Not only is sprint car driver Erin Crocker the only woman to ever qualify for the Knoxville Nationals A-Main, she’s done it twice, most recently in 2010. She’s also on the board of directors of the Knoxville Sprint Car Hall of Fame.
pressdog: So in a sprint car you’ve got no mirrors, you’ve got no radio and spotter, is it just like mayhem? I always wondered about this .. are you just always focused forward.
Erin Crocker: You always focus forward.
pressdog: Can you hear other drivers?
Erin: Yeah, some of them get so far up beside that you can hear them, but the other drivers know that you don’t have radios and you don’t have mirrors. So they’re being defensive as much as they are ... You have to be respectful of each other because you could do that to them, the same way, but then it’s going to wrap them up too.
So if you get a good run on someone, coming the outside, but you don’t think they know you’re there, you’re not going to keep sticking your nose there, because it’s going to destroy both your cars. It’s not like a stock car where you just bounce, off problems.
You both are probably going to end up doing this (flipping motion with her hands). People in general are respectful of that, but not always.
You can race sprint cars a little bit dirty, and there’s those guys who do that, but there’s only a certain extent you can go to without hurting themselves. For stock cars, you can race dirty all the time, and (when she drove them) I didn’t like that. I’m like, “What the hell? I don’t like this.” I want to just race. I don’t want to worry about... I don’t know, the cheap way of racing, hit someone and knock him out of the way.
pressdog: So when you’re in the car, do you just hear your own engine, and what’s your sensory overload of it?
Erin: Generally you just hear your own motor, and you’re constantly, in a sprint car, trying to be smooth, to keep your momentum up, and search for the fastest line, whether you’re running at the top, you want to hit that cushion just right every time, or if you’re liking the bottom which at a track like Knoxville is really challenging. It’s kind of a combination of braking and gas to hug that that bottom like that and stay in the moisture and traction. So it’s a challenge by itself to race against the race track, let alone all the other cars around you.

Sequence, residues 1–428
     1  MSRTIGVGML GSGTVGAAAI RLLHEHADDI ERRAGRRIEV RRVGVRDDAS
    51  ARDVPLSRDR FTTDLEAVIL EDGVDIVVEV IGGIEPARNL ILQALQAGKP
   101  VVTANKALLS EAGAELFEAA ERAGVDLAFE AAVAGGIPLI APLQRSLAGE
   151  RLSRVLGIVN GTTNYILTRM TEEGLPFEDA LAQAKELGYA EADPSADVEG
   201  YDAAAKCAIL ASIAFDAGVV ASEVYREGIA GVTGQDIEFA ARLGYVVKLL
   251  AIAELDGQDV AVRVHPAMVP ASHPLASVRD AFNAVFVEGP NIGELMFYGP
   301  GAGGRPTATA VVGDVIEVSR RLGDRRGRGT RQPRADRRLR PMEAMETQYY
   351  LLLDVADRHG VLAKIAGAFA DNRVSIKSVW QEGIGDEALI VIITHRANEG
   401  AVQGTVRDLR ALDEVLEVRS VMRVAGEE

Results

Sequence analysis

Another thing about sprint cars, almost any track you go to, there’s usually a way, it seems to me as a driver, to make yourself better. A lot of times I feel like in a stock car, yeah, I drive around and it is important, but you kind of get what you get with stock cars. But in the dirt, you can try new lines; you can try something really crazy. Your car might not work here but you can try something here. It seems like there’s a bigger range for that.
pressdog: So you’re doing that during a race sometimes? You’re trying different lines...
Erin: Yeah. Absolutely. And sometimes the worst time is to be leading, because you’re like, “Run at the top, run at the top,” and then what do you know, all of a sudden someone comes by you on the bottom and you’re like, “Crap! The bottom must be good,” so you’ve got to go try it, and then yeah, it’s crazy.
pressdog: You must have to be kind of a quick thinker, because you only have maybe 20 laps.
Erin: You analyze the track the whole night. You’ve got to watch for things. When (Crocker’s husband) Ray (Evernham) first started coming to the dirt races with me, we were like, “You mean we have to watch the track all night?” Because you know when you have pavement, you get to keep it just like it is. The paved track will change in the sun and clouds, but over all, it doesn’t change much. But with a dirt track, you could run the same track four nights in a row and have a completely different track each night, depending on how much water they put in, how much it rains, how much they tore it up the last time, whatever.
pressdog: The groove gets wider or narrower...
Erin: Yeah. You’ll even see it here at Knoxville. The first night might be only three lanes wide, but the second night it might be all the way up against the fence. It’s just how dry the track is, or...
pressdog: I notice last year during the nationals finals, the track will widen constantly during the night.
Erin: Yeah. Usually by the A-Main and it’s up by the fence. That’s for me pretty cool, to run around Knoxville, with the ten-foot guard rail, and run into the corner at whatever, 140 (mph) and to keep your right rear yea far up on this pile of mud … that is really bad ass.
pressdog: it is.
Speaking of bad ass ...
pressdog: So when you’re airborne, what goes through your head?
Erin: It’s funny because the world slows down while you are flipping in mid-air. You hear silence and then you hear all this metal crunching around and then there’s silence and you’re like “Yup, I’m in the air again.” Sometimes it happens so fast you’re like, all right … sky-ground-sky … where am I? But really you’re thinking could his please stop, and no one else hit me? Because that often times is when you get injuries, when the car that is running that line and just can’t avoid you.
In part one of this three-part, Knoxville gets ready to host the world at Knoxville Nationals. Read it here.
In part three (Saturday), Knoxville Raceway general manager Brian Stickel discusses how Knoxville strives honor its heritage while evolving to meet the expectations of the modern race fan.